You are winding your way through law school, hearing the abundance of free advice. As the time gets closer for you to make a decision on your legal employment, which road will you travel?
We have all heard the nightmares and the fairy tales about legal employment. The workweeks that extend to 70 hours every week. The competition to become a partner and what that takes. The lawyer lifestyle available at a big law firm or even a corporation, where companies may pick up your college loans and drop $100,000 on a house for you.
In legal employment, you can live large and enjoy a fruitful, satisfying lifestyle.
But what do you want out of your legal employment?
Do you want to climb up the big law firm ladder, working like you are a resident of a Gulag until you finally make partner? The rewards are significant. But the truth is, that road is successfully traveled by one lawyer in 10 who start the journey. Some will fail; some will tell themselves it is not worth the stress and grief along the way; some will have families who ask them to get out. Those who get to partner will find that the stress level does not change; in fact, it intensifies. But the prestige and compensation levels are high.
Does your legal employment dream mean a life of public service, maybe politics? The monetary reward are fewer, and the obstacles may be much greater. Creating change and doing good always meet with some resistance. But the level of satisfaction can be quite high, and for many, this is a calling, not a career. You will also be wired more directly into your community than many.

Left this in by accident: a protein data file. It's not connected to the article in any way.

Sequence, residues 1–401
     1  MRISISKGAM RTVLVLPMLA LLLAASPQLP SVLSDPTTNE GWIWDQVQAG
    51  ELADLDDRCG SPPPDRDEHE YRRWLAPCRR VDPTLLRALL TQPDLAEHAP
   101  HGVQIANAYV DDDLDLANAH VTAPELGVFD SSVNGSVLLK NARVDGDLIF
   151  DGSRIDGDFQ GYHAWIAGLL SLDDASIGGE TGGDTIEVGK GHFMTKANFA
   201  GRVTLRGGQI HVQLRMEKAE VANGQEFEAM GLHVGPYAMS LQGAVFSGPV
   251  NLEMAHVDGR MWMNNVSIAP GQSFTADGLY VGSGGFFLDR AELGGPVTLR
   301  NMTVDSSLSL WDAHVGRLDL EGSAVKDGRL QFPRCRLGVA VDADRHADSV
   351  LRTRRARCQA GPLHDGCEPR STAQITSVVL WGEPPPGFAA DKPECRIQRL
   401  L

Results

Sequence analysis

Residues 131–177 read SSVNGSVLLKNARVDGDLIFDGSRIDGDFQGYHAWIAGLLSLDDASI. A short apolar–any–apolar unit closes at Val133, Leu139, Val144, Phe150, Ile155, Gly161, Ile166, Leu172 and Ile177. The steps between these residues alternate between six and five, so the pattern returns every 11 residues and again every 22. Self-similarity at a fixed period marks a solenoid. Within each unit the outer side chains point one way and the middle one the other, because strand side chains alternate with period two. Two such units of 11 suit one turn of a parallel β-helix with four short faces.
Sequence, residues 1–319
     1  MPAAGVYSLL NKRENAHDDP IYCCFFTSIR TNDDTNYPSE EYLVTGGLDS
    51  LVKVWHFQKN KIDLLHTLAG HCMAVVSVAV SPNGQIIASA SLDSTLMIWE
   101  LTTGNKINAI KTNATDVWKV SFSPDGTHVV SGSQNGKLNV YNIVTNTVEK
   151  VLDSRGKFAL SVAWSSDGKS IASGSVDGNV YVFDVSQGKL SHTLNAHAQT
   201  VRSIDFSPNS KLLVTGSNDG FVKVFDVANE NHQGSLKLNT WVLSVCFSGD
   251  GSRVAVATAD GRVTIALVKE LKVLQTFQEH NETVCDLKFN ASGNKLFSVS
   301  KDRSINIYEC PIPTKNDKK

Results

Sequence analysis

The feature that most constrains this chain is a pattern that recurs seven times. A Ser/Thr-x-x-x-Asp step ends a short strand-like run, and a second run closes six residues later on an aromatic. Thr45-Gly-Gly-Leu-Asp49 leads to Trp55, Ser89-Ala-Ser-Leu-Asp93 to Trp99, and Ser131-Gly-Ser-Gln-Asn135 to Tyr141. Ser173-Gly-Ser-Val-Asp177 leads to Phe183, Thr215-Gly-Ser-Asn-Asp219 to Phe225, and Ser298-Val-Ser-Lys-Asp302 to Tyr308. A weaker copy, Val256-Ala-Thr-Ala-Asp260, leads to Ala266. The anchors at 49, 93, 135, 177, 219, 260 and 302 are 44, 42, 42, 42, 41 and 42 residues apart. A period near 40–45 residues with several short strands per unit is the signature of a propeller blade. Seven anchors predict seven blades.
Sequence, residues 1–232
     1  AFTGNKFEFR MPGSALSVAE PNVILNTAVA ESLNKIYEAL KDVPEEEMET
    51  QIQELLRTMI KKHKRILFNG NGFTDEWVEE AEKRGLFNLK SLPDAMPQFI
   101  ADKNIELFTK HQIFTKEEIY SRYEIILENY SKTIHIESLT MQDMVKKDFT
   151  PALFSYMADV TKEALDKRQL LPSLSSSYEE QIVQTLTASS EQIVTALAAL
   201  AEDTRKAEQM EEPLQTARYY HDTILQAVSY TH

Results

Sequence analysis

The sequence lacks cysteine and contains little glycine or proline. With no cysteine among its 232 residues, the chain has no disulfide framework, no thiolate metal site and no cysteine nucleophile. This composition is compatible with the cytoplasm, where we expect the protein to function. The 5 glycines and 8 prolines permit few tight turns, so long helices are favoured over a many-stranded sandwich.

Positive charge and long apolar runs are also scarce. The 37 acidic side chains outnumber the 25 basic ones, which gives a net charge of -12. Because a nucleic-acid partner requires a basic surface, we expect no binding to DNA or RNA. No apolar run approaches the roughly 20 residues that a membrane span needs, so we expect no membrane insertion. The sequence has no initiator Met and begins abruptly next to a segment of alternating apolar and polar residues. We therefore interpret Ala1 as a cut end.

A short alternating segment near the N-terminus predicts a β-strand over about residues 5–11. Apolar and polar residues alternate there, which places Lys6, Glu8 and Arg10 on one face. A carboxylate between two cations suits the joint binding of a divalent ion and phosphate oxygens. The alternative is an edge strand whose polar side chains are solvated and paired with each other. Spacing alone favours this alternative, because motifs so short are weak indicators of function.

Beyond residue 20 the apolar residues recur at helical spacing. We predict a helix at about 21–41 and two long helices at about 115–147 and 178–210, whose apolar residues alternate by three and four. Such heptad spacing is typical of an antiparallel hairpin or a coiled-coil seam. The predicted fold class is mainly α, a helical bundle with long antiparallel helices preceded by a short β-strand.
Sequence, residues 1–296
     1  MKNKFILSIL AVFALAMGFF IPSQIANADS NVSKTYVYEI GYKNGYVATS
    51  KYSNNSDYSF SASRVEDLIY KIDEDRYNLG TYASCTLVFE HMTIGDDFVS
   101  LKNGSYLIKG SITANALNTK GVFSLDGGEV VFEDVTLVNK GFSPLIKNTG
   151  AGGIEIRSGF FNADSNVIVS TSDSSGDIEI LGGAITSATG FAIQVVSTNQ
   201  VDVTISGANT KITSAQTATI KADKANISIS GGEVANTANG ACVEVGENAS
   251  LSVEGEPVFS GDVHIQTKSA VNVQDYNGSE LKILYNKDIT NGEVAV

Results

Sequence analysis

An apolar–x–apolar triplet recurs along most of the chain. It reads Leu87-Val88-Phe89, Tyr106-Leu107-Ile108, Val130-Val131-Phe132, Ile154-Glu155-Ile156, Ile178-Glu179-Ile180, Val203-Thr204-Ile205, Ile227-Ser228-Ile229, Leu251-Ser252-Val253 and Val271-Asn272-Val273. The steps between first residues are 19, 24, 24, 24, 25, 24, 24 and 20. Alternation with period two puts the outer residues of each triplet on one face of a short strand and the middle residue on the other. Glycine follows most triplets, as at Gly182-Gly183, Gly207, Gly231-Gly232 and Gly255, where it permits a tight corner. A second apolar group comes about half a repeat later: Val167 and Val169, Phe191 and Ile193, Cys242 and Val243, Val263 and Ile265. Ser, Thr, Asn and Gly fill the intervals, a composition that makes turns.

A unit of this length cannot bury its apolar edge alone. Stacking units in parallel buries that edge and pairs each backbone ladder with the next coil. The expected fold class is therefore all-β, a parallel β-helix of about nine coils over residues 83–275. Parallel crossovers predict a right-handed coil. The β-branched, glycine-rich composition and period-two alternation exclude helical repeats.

If there a middle ground in legal employment? Two come to mind. First, you can go the corporate route or find employment in a smaller law firm. The hours will still be significant, especially in the beginning, and the compensation is not going to approach what you would make in a big, well known firm, but you will be solidly middle class. Your kids will attend a good school and you will have a nice house in a great neighborhood.
The second example of the middle ground is to go into solo practice. This kind of legal employment puts you in absolute control of what cases you take on, pretty much what you will make and how you and your family will live. Like a public service career, you are ingrained in your community; like a small law firm, the more you work, the more you make.